Sustainable design considers the environmental, social, and economic impact of pieces and the practices that are used to create them. Social and economic sustainability can be addressed through the employment of local artisans and craftspeople, supporting communities through the continuation of traditional techniques, materials, and knowledges. In terms of environmental effects, the reuse, recycling, or upcycling of wastes is often at the foreground of theses discussions, with new methods and technologies developed to further innovate and increase efficacy. With increasing awareness of how their practices affect the earth, makers are turning to more sustainable methods and materials to develop their work.
The designers featured in this week’s Adorno edit have explored a range of sustainable approaches in their practices: from holistic resource use, to reuse of waste materials, to innovative heating methods. Drawing on an holistic view of materials, Angela Damman incorporates traditional artisanal knowledges and Espadín plant fiber into her designs, while Studio Plastique pays tribute to the diversity of forest resources. Designers Andreu Carulla, Agne Kucerenkaite, and Jonas Edvard highlight the possibilities of waste materials, with polystyrene, metal wastes, and composite dusts creating unique textures, hues, and patterns in their work. In a similar vein, design studio Hot Wire Extensions and designer duo Nina Mršnik and Nuša Jelenec transform waste materials – SLS 3D waste and everyday plastics, respectively – with the use of heat and electricity, creating new, collectible forms. Presented together, these pieces provide a glimpse into the future of sustainable design practices.
Andreu Carulla, Reuse of expanded and steam-injected polystyrene waste
“RR201” is a versatile stool made from expanded polystyrene waste from El Celler de Can Roca (World’s Best Restaurant, 2013 & 2015), a product of Roca Recicla, the restaurant’s zero waste platform. Each stool is made from exactly one day’s worth of waste from the restaurant (6 polystyrene transportation boxes) and is produced by way of a pioneering low-energy process engineered by the designer. This begins with cleaning the expanded polystyrene boxes, which are then shredded into raw material and compacted down in a mould using injected steam.
Agne Kucerenkaite, Reincorporating metal wastes as pigment for ceramics
“Ignorance is Bliss” is an ongoing project about reincorporating the value of metal waste by applying it as a pigment from industries such as drinking water supply and soil remediation companies into new valuable products and methods. The colors are retrieved purely by using pigments from waste. In this project, surprisingly, the more contaminated the raw material, the more vibrant the designed objects are.
Angela Damman, Harnessing existing plant fibre resources and traditional crafting methods
The “Kau” Chair is about “calling to attention” the nearly forgotten ancient crafts and the rapidly disappearing traditions of the Mayan communities of Yucatan. The structure of the chair is made of iron mesh, which creates the shape and interesting woven appearance. Physical patterns were made for the structure and mesh overlay. Over 2,000 “fur” like fringes – made from Espadín plant fiber – were hand-tied onto the iron mesh. The “Kau” Chair offers a sustainable example of how to harness existing resources.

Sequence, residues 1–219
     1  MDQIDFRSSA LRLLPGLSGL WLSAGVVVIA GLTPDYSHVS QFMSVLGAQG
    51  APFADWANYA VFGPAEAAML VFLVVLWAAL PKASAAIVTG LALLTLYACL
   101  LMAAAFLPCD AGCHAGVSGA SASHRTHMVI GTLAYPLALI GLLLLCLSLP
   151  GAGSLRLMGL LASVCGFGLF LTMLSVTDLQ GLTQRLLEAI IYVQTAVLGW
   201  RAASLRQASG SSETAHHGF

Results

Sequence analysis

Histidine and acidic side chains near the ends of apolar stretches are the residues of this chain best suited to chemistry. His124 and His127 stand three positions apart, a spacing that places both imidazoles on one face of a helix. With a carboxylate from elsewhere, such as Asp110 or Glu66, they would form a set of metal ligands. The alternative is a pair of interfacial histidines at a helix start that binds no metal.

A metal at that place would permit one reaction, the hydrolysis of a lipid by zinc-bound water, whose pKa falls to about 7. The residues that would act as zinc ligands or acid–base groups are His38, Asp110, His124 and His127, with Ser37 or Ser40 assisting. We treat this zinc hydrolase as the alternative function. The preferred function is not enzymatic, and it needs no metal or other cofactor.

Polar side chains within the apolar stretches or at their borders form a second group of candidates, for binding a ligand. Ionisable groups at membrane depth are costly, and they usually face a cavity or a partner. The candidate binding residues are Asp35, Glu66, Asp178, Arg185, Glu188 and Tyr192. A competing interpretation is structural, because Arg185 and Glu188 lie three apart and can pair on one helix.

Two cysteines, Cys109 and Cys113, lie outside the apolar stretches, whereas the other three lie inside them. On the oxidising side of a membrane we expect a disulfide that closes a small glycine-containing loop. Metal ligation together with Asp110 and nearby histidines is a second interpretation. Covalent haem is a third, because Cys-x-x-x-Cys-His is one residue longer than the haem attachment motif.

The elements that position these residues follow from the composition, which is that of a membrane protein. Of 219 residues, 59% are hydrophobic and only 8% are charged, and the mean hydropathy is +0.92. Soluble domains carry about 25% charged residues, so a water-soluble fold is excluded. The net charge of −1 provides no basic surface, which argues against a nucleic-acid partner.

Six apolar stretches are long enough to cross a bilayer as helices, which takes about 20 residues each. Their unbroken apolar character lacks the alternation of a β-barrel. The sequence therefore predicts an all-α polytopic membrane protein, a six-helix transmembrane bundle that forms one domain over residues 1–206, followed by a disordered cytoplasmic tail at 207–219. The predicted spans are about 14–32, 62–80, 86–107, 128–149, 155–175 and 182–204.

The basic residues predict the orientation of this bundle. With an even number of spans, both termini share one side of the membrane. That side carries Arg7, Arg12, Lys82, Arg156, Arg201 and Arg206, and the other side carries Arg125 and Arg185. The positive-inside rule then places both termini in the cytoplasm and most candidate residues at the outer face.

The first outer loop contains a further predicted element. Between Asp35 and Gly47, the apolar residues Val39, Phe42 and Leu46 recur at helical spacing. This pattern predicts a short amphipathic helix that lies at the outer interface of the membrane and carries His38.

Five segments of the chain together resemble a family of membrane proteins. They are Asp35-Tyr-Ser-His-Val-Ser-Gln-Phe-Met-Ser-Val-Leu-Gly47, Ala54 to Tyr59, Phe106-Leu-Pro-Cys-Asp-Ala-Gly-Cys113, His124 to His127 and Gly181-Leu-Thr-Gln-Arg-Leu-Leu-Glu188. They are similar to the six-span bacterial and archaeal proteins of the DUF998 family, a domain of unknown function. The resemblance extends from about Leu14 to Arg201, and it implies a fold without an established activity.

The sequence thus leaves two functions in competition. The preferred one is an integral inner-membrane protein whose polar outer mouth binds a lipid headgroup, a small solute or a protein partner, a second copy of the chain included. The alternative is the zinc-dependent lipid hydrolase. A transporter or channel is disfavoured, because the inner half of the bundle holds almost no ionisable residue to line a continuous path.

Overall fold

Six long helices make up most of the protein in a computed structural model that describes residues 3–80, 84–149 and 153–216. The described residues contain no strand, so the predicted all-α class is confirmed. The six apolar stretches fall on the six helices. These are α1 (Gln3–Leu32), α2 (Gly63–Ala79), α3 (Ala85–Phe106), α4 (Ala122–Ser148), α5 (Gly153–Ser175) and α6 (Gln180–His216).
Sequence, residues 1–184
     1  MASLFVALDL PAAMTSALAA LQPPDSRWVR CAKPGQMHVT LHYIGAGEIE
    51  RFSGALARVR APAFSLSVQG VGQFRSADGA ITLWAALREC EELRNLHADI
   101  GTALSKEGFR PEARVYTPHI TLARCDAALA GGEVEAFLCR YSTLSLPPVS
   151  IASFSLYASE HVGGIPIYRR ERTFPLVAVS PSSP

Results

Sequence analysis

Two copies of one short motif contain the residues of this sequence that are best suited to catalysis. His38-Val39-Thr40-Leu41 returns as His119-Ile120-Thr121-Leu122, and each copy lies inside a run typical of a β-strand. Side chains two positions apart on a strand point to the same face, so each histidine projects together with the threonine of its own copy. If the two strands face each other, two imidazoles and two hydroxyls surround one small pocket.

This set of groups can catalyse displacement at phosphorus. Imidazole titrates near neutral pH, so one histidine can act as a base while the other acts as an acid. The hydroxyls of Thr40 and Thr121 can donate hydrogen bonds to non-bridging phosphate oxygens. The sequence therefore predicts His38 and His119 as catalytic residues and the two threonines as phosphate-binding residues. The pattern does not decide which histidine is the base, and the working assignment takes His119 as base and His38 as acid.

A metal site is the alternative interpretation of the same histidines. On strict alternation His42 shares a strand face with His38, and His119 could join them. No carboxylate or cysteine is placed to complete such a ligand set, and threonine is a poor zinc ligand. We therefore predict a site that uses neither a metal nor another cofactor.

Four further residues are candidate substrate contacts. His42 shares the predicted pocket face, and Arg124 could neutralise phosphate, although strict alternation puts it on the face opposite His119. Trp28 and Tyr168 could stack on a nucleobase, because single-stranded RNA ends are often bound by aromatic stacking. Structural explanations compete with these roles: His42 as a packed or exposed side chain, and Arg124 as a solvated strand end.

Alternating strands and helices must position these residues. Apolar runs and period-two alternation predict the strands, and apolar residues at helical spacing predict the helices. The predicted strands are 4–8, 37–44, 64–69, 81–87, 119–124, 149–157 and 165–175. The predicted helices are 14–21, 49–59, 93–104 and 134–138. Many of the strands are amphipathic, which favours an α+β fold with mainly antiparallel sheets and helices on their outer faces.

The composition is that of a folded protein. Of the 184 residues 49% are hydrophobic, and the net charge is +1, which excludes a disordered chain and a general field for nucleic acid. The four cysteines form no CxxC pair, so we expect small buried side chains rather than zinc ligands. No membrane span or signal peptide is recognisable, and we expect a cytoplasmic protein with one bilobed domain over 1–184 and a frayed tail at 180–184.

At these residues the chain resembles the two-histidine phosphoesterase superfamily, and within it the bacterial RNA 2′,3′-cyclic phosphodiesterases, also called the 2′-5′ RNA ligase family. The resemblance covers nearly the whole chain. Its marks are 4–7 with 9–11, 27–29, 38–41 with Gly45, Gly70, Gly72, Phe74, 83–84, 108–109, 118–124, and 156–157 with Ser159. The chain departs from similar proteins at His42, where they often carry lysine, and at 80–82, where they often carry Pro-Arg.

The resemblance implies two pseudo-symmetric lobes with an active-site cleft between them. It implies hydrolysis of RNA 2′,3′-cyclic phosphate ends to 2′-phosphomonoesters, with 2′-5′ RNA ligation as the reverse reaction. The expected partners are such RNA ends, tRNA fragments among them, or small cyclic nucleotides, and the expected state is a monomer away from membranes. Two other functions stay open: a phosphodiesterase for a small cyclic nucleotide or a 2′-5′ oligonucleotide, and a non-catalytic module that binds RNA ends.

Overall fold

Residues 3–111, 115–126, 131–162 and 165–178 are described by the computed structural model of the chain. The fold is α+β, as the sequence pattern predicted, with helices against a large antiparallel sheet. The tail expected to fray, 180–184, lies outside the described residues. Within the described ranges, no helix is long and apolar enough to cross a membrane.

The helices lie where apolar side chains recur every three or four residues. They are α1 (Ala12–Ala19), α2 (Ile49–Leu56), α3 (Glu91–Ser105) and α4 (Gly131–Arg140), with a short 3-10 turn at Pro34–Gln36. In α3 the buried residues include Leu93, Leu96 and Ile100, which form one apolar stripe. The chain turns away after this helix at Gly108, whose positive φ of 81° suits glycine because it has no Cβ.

Hot Wire Extensions, Recycling 3D printing waste via “hot wire” heating
Inspired by play and anthropomorphism, this handmade standing desk lamp from “Basic Knot” Collection is made using Hot Wire Extensions’ innovative manufacturing process using waste nylon powder and silica sand. The Switzerland-based studio uses a recycling conscious process, using the waste nylon powder from SLS 3D printing – a material that is currently not recycled – sand, nichrome wire, and electricity.
Jonas Edvard, Immortalising waste stream material through experimentation
The “Relic” Side Table & Lamp is made from a collection of different waste stream materials including wood, metal, and stone dust. As the material is molded in shape, a sudden and magical change in the color of the surface appears – creating a detailed and black dotted pattern along the surface of the object. The “Relic” project contains objects which refer to a substrate of shape from which the material has changed – merging the material elements into a new physical order and function.
Nina Mršnik & Nuša Jelenec, Recycling waste plastics via “toasting” method
“Toasted Furniture” is a project that combines innovation, design, and ecology. Everyday waste plastics (for example, the packaging of cleaning products) is recycled with the help of an innovative and simple device, “the toaster”, to obtain durable waterproof plastic panels, which are the basis for the manufacture of furniture. All products can also be ‘re-melted’ into new plastic sheets, as they are made of only one type of material (HDPE- high density polyethylene), or disassembled and assembled into a new product.
Studio Plastique, Holistic resource use utilising pine and pine resin
The collection of boxes for the “Out of the Woods” project result from a holistic approach to the way we use resources from the forest, paying tribute to the properties and beauty of alternative resources from the forest. The boxes play with constructive proportions for the different forest resources used in its multiple surfaces: wooden details and resin-based material surfaces of diverse composition. For this series, Studio Plastique uses only pine resin – a 100% natural and degradable binding material.
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